I worked last night, even though I have not been trained, because a sister restaurant needed personnel last minute. It was my very first night as a bouncer, and I was a little nervous. I made the half hour walk wondering just how my night would go. Would I have to physically throw somebody out? Would punches be thrown? Skulls busted? Heads banged? Etc? These were my thoughts as I walked over Cambridge St. Bridge, drinking a redbull, and looking at Genzyme. Genzyme is a very large building, half of it is all glass so it looks rather impressive, especially at night, from a bridge over the river. Also, it is where my girlfriend works, from 8 pm to 6 am Friday-Monday. I waved, but I don’t think she saw me, considering I was about a mile or two away.
I arrived quarter before nine, the time I was to start. I was working at Tavern in the Square, otherwise known as TITS, a large restaurant with a large floor that would eventually turn into a dance floor as the night wore on. But I’m getting ahead of myself. I talked to the manager and a guy I guess I would call the Head Bouncer, or Head of Security, perhaps. One thing I noticed right away, practically everyone else who was a bouncer or manager was bigger than me. I guess I never quite realized how of-average-height I really was until I was in a room full of a couple hundred people packed together, some dancing, some staggering, meanwhile I’m attempting to keep an eye on everything happening in my section of the restaurant. It was interesting, that’s for sure. I was given a couple lines of advice/instruction. “We don’t touch anybody unless they touch us first. We don’t go in alone. Redlight means there’s a fight, greenlight means you need a manager for something that’s not so important, 1,2,3 for location, front/back…Kill them with kindness, don’t get physical unless absolutely necessary…” It wasn’t much for training, but I guess it was a few good guidelines.
So at nine o clock, I get to stand in jeans, a black polo, and black dress shoes, in one spot and keep an eye on everything. It was really easy at first, actually. There was only one really drunk person I saw and he seemed like a happy drunk. I got to catch some of the sports as well, considering the restaurant was a sports bar. I caught glimpses of the Giants game, the Greenbay game and the redsox game. So early in the evening, all I was really doing was watching people eat dinner and drink, my only real task being to keep customers out of the service area. I was on an elevated position, making my job easier.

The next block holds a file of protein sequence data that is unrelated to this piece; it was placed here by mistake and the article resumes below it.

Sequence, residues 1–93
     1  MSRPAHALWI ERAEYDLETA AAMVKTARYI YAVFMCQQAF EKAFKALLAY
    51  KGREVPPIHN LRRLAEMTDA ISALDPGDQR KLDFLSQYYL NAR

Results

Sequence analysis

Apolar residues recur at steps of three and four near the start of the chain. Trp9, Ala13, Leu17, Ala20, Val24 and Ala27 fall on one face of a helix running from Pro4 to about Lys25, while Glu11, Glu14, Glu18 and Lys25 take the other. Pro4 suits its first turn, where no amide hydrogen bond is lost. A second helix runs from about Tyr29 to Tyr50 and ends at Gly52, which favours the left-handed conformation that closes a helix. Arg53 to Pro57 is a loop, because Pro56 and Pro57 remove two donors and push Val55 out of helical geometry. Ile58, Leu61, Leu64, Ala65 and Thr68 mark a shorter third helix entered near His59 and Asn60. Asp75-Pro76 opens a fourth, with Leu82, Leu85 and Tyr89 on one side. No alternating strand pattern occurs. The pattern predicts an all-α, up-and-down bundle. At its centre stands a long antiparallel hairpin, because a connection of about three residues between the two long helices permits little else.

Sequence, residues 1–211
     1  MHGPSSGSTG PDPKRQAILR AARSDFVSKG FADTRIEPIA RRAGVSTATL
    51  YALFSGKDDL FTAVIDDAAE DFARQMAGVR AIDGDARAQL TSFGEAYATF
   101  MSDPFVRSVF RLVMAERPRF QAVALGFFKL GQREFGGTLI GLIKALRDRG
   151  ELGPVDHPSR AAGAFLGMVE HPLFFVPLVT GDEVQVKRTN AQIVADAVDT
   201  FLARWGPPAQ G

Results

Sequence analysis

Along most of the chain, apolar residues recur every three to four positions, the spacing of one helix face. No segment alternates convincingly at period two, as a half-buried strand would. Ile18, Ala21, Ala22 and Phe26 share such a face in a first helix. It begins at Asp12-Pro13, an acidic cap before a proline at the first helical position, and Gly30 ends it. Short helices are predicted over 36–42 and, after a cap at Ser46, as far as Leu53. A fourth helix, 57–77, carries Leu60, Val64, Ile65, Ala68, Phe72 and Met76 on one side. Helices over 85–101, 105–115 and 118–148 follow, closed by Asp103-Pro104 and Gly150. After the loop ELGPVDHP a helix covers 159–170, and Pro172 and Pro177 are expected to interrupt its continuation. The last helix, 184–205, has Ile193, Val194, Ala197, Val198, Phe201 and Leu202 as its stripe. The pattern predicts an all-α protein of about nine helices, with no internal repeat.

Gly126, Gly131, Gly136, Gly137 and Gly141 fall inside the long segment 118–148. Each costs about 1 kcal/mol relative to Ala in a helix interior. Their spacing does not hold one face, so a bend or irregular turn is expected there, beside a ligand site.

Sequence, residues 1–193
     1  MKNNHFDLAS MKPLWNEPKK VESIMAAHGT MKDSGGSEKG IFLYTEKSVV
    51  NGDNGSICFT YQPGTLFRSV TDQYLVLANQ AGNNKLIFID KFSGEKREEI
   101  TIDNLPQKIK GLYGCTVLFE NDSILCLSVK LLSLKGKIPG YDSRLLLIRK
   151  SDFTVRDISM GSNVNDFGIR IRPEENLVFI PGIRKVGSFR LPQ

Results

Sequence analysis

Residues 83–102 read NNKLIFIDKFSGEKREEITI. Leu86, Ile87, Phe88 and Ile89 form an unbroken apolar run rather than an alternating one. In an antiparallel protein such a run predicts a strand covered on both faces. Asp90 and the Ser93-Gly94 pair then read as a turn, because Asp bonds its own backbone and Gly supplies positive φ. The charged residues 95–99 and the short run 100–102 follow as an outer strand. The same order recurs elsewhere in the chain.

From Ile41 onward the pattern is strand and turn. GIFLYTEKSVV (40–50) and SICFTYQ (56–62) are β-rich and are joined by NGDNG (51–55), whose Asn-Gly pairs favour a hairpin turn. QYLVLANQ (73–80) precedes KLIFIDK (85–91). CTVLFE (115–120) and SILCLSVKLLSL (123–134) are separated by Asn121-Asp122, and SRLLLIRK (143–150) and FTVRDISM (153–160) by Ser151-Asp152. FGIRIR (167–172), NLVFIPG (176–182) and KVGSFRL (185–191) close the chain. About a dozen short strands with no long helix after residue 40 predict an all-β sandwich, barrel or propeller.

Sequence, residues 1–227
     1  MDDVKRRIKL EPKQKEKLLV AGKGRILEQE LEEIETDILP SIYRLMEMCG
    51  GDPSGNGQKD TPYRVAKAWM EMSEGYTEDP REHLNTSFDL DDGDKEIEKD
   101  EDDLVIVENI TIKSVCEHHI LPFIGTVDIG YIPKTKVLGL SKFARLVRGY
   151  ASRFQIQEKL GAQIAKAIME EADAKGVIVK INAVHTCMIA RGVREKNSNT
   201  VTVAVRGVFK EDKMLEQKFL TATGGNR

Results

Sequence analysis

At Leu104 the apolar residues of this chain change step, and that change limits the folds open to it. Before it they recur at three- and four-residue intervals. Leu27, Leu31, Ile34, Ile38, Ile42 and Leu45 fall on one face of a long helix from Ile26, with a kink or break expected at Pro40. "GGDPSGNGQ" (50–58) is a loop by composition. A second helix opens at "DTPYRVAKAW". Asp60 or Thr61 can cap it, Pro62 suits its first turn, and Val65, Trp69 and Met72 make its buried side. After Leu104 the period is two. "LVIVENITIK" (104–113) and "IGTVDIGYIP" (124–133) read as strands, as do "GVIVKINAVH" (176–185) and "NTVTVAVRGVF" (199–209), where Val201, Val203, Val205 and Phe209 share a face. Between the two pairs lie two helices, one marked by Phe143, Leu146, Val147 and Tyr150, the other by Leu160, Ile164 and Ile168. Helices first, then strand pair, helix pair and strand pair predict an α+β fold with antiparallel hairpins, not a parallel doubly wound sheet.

This soon changed, however. I was moved to a spot near the large dance-floor-ish area, no elevation, near a door that I had to keep clear. More and more people piled in, making the place more and more crowded. I tried to watch everywhere, met with masses of big heads everywhere. It’s rather crazy, the way a bar/club works late night on the weekends. Take more people than should probably be inside, cram them together, give them lots of booze, the temperature cranks up so everybody’s sweaty and hot, then let ‘em loose! It’s chaotic and crazy at times.
There were only two altercations that I saw. One, there was a sudden noise, hard to explain, but I could immediately tell someone had thrown a drink on someone else, as liquid sprayed the air, and people nearby gave the familiar ‘Oooooooh’ when shit is about to go down. I immediately grabbed my walkie-talkie(there were no earpieces left), called out “Red One, Red One Front,” as I attempted to move through the crowd towards the situation. Not five seconds later, the head bouncer with a fellow bouncer charged in, taking control. It was hectic. I talked to a few people about what I saw, which was next to nothing, a couple guys were told not to come back in, and the night resumed as normal.
The other time, I just saw one of the managers standing nearby, I looked away, then back and he was gone. I walked around the corner towards the door and a couple bouncers go charging outside. I talked to the manager later and here’s what happened. “I give them every opportunity. You say Sir you need to calm down, sir you need to calm down, until they touch you to push you away, and that’s when you throw them out. We don’t want to see anybody hurt, we just want everybody to have a good time.” That’s the kind of thing I needed to hear, to learn.
The rest of the night was rather dull, other than a lot of extremely drunken dancing/grinding/making out. I kept an eye out even more carefully than before, after those two situations occurred. Eventually the lights came one, and we had to herd the customers out like sheep. Then we cleaned up and called it a night. I think I did alright for my first night ever as a bouncer without training. We’ll see how training goes and what happens after that. One thing I will say, is being a bouncer is great for people watching, because that is all you do. Stand and watch. Long periods of boredom punctuated with few short moments of intense chaos.
And that was my first night as a bouncer. Not that interesting, really, I didn’t even personally throw anybody out. I guess I need to work on that. Maybe next time.